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Jeff Cramerding

Party affiliation: Democratic
Party endorsements: Democratic
Age: 47
Neighborhood: West Price Hill
Campaign website: jeffcramerding.com

How would you address corruption at City Hall if elected to council?

The appropriate role of council is to 1) set the strategic priorities for the city, 2) fund those priorities, and 3) hire and evaluate the city manager based on those priorities. When council exceeds these parameters and interferes with the administration of city government, governance suffers and there are opportunities for corruption.

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Michelle Dillingham

Party affiliation: Democratic
Age: 48
Neighborhood: Evanston
Campaign website: votedillingham.com

How would you address corruption at City Hall if elected to council?

The arrest of three Cincinnati City Council members for bribery schemes related to development deals in the past year has prompted a public discussion on how to fix the "culture of corruption" at City Hall. The problem is not solely about individual elected officials, even though they each of course hold personal responsibility for their actions. The problem is also about processes and policies that pour public resources into private development with no community involvement or basis to ensure that these investments meet the public’s needs. This lack of discernment and accountability has allowed for corruption to fester, and it is precisely what must change going forward. I have written extensively about solutions, but in brief: Committee assignments should be used to move legislation forward, not to manipulate it. We need community input to attract and retain top talent to lead our city departments, and "emergency" legislation will be used for actual emergencies and not a method of hustling issues through to escape scrutiny. This will allow public scrutiny, and for the opportunity for people to provide input or information on the matter, and for members of council to have discussion or amendments before they vote on it.

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Kevin Flynn

Party affiliation: Democratic
Party endorsements: Charter Committee
Age: 60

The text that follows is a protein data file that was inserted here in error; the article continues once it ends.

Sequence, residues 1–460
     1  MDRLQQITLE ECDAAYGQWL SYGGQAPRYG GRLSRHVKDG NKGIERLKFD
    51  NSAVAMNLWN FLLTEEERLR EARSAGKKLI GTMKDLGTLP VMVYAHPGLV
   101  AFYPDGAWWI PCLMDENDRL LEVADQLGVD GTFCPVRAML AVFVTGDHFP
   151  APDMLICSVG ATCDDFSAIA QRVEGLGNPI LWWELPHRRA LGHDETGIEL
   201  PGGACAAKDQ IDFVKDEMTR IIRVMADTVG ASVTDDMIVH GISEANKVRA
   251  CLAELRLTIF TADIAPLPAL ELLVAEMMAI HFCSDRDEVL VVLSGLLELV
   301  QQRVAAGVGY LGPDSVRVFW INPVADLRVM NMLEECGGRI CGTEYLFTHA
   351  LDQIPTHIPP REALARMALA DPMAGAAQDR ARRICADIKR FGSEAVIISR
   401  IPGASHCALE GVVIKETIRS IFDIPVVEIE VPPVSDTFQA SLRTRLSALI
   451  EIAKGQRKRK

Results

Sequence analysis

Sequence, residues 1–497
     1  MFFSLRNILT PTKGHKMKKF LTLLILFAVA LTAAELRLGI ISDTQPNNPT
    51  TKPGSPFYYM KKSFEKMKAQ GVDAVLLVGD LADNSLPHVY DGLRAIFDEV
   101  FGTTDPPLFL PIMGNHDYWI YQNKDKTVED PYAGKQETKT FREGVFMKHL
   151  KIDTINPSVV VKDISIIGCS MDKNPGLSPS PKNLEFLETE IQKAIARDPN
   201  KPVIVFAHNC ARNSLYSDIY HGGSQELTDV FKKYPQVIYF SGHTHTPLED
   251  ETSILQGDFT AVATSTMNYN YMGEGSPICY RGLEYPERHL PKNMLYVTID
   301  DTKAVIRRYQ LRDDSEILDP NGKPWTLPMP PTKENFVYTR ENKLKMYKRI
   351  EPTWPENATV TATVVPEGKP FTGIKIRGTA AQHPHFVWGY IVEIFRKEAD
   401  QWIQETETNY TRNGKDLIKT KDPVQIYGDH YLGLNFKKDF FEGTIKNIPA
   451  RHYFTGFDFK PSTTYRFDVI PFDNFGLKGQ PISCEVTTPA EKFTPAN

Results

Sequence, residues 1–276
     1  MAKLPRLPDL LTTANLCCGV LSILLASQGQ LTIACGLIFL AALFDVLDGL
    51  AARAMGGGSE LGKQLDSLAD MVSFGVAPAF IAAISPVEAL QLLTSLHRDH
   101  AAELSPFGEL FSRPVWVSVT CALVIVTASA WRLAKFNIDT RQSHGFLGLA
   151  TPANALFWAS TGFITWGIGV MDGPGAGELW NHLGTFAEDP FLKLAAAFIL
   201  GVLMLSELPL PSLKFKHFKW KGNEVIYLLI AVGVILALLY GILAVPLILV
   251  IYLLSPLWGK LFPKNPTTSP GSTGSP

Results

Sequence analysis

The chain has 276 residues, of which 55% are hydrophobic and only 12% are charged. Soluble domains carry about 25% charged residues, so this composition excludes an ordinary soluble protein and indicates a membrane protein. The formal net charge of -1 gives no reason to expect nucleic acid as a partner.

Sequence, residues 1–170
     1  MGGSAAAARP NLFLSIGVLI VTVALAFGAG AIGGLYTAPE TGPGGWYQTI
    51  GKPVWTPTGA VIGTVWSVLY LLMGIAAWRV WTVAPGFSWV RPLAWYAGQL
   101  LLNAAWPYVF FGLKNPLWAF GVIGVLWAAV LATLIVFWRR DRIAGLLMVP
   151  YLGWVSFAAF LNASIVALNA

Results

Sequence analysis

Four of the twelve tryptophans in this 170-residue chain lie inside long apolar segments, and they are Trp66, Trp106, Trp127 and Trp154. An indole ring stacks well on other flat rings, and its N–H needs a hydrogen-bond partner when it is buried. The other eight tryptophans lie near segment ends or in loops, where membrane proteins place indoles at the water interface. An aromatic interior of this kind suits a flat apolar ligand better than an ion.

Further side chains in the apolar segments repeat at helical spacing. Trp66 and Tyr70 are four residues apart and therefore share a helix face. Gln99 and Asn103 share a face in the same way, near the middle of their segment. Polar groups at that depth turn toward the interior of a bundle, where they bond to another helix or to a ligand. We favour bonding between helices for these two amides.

Neighborhood: Mt. Airy
Campaign website: flynnforcincinnati.com

How would you address corruption at City Hall if elected to council?

No changes to the charter alone will protect the city from individuals who want to cheat the system. Restoring checks and balances between council, the mayor, the city manager, and the city administration will make it harder to cheat. Changing the culture at City Hall, so that projects are judged on their merits rather than on the amount of campaign contributions will help. Assuring that decisions are made in public, after debate, will go a long way toward restoring trust. Strengthening our internal (performance) audit function, institutionalizing the whistleblower function and strengthening protections for whistleblowers, utilizing objective metrics to score projects (so that there is a level playing field), sharing the objective scoring publicly, and listening to the public's concerns will help avoid even the appearance of impropriety. I did not intend to return to council after I finished my prior term. The events of this past year, with 1/3 of the council being indicted or convicted of corruption crimes, were a call to me to return to serve the city that we love, to restore integrity and transparency so that people can have faith in city leadership.

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Jackie Frondorf

Party affiliation: Democratic
Party endorsements: Charter Committee
Age: 35
Neighborhood: Westwood
Campaign website: jackiefrondorf.com

How would you address corruption at City Hall if elected to council?

I am running for a seat on City Council to represent all Cincinnatians. The people of our city need to be able to trust our elected officials and not question whether votes are made in order to enrich a council member’s bank account or own self interests. I plan to lead by example and would follow the recommendations set forth by the 2021 Economic Development Reform Panel’s report. I believe that the city administration should be discussing deals with developers and not City Council members.

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Bill Frost

Party affiliation: Democratic
Party endorsements: Charter Committee
Age: 59
Neighborhood: Pleasant Ridge
Campaign website: frostforcinci.com

How would you address corruption at City Hall if elected to council?

I support the incorporation of the Economic Development Reform Panel recommendations by ordinance. In addition, I believe anonymous reporting of "concerns" by all city employees is vital. We must move to an "if you see something, say something" culture in City Hall. All of us who work in any large organization understand the importance of compliance. This should be no different in City Hall.

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Brian Garry

Party affiliation: Democratic
Age: 56
Neighborhood: Clifton
Campaign website: briangarry.com

How would you address corruption at City Hall if elected to council?